I am trying to examine protein activity changes in diseased vs healthy skin using VIPER. I used 92 diseased and 82 healthy RNA-Seq samples to reverse engineer a skin-specific transcriptional network using the combined diseased and healthy samples with ARACNe.
Question 1: Is it OK to build the transcriptional network from both healthy and diseased samples together?
Following the VIPER vignette, I am able to generate protein activity scores for each sample and compare activity levels for specific proteins
#emat is an expression matrix vpres <- viper(emat, regulons, verbose = TRUE) dim(vpres) # 7066 174 - includes scores for diseased and healthy samples protein_id = 'LAG3' t.test(vpres[protein_id, disease_samples], vpres[protein_id, healthy_samples])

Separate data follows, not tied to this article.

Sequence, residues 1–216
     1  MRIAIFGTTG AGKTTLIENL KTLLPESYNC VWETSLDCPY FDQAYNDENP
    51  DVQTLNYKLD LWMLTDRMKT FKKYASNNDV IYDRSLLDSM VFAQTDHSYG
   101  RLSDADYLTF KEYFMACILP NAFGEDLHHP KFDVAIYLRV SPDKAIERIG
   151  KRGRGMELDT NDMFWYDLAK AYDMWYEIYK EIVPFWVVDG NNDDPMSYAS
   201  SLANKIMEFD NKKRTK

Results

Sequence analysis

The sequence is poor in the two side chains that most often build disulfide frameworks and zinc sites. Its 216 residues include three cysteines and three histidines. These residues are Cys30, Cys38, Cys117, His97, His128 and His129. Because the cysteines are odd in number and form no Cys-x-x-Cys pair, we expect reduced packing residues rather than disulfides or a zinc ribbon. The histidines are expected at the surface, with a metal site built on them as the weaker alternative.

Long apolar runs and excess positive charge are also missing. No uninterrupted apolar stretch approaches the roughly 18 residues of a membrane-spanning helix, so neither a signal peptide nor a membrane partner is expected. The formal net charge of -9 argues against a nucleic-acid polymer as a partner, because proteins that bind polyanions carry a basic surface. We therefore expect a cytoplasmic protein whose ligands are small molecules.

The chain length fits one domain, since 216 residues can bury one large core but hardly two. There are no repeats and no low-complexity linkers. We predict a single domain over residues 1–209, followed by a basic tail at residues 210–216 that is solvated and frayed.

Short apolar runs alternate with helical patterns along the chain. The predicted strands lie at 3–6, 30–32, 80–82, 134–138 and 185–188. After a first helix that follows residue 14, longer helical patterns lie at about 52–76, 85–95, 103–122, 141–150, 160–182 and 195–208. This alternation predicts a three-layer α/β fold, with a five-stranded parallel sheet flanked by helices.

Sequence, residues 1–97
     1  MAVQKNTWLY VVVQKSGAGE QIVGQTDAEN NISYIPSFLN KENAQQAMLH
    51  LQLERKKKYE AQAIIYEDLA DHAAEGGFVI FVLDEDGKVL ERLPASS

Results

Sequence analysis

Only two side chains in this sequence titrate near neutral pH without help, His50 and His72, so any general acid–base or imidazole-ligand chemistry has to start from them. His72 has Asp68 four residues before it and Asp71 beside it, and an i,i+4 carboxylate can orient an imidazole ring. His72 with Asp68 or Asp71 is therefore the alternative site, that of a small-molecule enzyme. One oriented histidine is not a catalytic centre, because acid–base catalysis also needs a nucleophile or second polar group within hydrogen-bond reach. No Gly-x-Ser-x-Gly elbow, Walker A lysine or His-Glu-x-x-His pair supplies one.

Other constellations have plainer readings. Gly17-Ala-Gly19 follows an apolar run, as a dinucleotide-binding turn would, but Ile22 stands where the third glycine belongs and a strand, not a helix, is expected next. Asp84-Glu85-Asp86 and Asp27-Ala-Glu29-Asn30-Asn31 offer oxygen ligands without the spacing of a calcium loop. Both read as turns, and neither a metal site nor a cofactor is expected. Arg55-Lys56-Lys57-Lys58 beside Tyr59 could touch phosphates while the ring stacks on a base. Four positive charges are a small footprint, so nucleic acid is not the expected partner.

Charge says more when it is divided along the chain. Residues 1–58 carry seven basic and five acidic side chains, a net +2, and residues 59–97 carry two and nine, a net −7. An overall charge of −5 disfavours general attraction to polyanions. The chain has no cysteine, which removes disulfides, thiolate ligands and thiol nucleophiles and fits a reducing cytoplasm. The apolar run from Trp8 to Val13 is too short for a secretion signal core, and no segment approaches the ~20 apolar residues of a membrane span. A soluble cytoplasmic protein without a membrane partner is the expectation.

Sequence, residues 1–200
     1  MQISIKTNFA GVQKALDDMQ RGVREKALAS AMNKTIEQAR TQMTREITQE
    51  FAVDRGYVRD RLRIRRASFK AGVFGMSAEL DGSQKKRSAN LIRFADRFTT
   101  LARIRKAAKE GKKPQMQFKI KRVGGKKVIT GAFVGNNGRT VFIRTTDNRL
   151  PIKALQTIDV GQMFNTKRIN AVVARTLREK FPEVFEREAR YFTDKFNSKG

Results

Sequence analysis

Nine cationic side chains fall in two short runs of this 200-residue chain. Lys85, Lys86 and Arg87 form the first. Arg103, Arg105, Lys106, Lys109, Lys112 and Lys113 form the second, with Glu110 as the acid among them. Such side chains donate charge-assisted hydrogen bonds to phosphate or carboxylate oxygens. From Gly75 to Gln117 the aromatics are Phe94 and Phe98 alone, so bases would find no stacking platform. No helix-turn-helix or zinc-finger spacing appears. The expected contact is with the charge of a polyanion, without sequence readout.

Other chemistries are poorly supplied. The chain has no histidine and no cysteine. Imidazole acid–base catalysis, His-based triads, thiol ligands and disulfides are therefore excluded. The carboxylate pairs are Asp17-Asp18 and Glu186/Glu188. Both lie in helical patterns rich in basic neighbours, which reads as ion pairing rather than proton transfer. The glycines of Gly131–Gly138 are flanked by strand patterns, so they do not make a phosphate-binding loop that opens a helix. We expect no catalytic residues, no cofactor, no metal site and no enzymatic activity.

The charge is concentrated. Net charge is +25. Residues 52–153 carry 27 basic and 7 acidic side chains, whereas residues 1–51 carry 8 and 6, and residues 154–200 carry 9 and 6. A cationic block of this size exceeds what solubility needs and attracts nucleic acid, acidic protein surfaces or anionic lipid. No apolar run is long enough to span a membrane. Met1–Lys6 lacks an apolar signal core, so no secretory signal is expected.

The vignette also mentions that estimating a null model is more accurate. Following the vignette's code
# These are subsets of emat with the relevant samples diseaseMat <- emat[, diseaseIdx] healthyMat <- emat[, healthyIdx] vpsig <- viperSignature(diseaseMat, healthyMat, cores = 2) vpres2 <- viper(vpsig, regulons, verbose = TRUE) dim(vpres2) # 7066 92 - only includes scores for disease samples
vpres2 only has values for the diseased samples but not healthy samples. This prevents me from using a two-sample
t-test to compare diseased vs healthy protein values.
Question 2: How do I compare protein activity in healthy vs disease tissues when using a permutation-based null model?